Land of the Living
Halfway through a sip of sake, he heard voices, Yuna's and Wakka's, worry but no clear words, and then a few tense murmurs, and then the door hissed open and shut and Tidus edged his way into the compartment behind the bridge, holding himself like a wary, cornered fiend--and the change in body language almost, almost wrenched a bit of pity from Auron.
"Auron." Tidus slunk into an alcove, braced himself with a heavy-gloved hand on the wall. His voice was a low, strangled mutter, startling change from his usual uninhibited, outspoken self. "If you knew about Zanarkand, about what I am, why didn't you tell me?"
Auron took a deep breath, let it out, screwed the top on the bottle, slung it back on his belt.
"You had to find out yourself. I knew you would when you got to Gagazet. Better you learn it from the source than have me break it to you." He paused, looked at Tidus over the tops of his glasses, the flat world, dimensionless, and dark in the innards of the airship, cut in half by the out-of-focus shadow of the frames, lost in shadow beneath the lenses, and the drawn, pained face of his best friend's son, blue eyes burning bright. "Wakka and the rest weren't the only ones who wanted to let you live in hope."
"Damn it," Tidus hissed, and punched the wall with a jingle of chains and buckles, and he was, Auron thought, so good at hiding this. So filled up with love that he'd take his inevitable dissolution to the day of his death rather than bothering Yuna with it. It suited his purposes, but he owed old Jecht an apology for thinking that way, when everything was done and through.
"You're not going to tell her," he said, without bothering to make it a question.
"No," said Tidus, not looking at him anymore.
"Why not ask me about it earlier?"
Tidus gritted his teeth for a moment. "I...'cause it didn't matter." He looked up at him now, raw pain in his eyes. "I didn't care. She was still going to die." He closed his eyes, opened them after a long while. "Being around her...she's been walking towards death, in joy, all this time. And because of her, I can do it too."
"It runs in her family," Auron murmured.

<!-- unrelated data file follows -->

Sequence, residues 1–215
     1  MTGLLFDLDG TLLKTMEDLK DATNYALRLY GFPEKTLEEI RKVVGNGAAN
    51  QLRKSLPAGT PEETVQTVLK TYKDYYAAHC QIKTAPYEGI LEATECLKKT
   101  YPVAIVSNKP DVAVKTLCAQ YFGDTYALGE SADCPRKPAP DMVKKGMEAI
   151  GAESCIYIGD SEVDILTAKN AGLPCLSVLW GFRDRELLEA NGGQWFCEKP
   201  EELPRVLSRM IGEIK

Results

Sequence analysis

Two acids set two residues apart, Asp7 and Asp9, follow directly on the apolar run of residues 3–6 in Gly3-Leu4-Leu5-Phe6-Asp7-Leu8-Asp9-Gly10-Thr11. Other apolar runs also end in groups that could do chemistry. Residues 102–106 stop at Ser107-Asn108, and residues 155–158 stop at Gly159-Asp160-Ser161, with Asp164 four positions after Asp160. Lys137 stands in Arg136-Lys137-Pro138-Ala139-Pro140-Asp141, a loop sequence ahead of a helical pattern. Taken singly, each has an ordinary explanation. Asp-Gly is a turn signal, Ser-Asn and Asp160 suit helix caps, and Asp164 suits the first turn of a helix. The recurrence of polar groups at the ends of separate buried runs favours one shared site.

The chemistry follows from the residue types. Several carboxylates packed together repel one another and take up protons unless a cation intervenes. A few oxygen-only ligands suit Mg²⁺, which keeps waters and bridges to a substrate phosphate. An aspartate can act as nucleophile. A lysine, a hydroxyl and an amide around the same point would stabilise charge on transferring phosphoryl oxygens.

"But I don't want to face my dad. I could do everything else. Even--even leave her. I just hope she'll be okay without me. But, damn it, everything else--" His fist slammed into the wall again.
Wordlessly, Auron unhooked the bottle again, uncapped it, held it out to the boy. Tidus looked down at it for a long, long time before he took it. Probably thinking about Jecht, and how much he hated him. But they really did, Auron thought, have so much in common.
Tidus coughed and held the back of his hand over his mouth as the sake burned its way down. They were silent for a long while, his sneakers scuffing on the deckplates, the engines and circulation fans whirring around them--an ever-present thrum of machina neither of them had felt since leaving the dream.
"She doesn't know about you, does she?" Tidus asked quietly.
"No." Auron narrowed his eye. "It pulls at me, every time she Sends before me. But her concentration is too strong for her to notice." Concentration not just on the Sending, but on Sin. Anybody perceptive enough would put two and two together eventually--he had no fear of Wakka, and the little Al Bhed wouldn't bother herself with metaphysics, and Tidus had been too concerned with Yuna's fate. Though he had his suspicions as to what Lulu might know.
Kimahri would never speak of it, even though he'd first burst his skin to pyreflies in the Ronso's lap.
"I won't tell her. About either of us."
"Good," said Auron, and took another swig himself. "She has better things to worry about than the two shadows dogging her footsteps. Like killing a god."
"We'll both be gone when she does, won't we?" Tidus said softly.
"The Calm is coming. Let Spira be a land of the living."
"I still don't want to have to talk to my dad." His voice strangled itself again.
"You'll have to."
He suited his purposes. Everything had fallen into place. Even if he had to dissolve an entire city to do it, condemn a pure-hearted boy to the life of an unliving ghost, drag the daughter of a man he'd loved by the chains of hope to the ends of the world--Yevon would fall. Yevon would fall. And the dead and dreams would all take care of each other, and leave the rightful living to their world.
Tidus had turned away in profile, head bowed and gloved hands like claws against the steel bulkhead, and he caught the slight, crystalline glint of water on his eyelashes.
"I'm gonna die," he whispered.
Jecht would be so proud of him. And he owed him an apology, for using his only son like this. So, so much of an apology.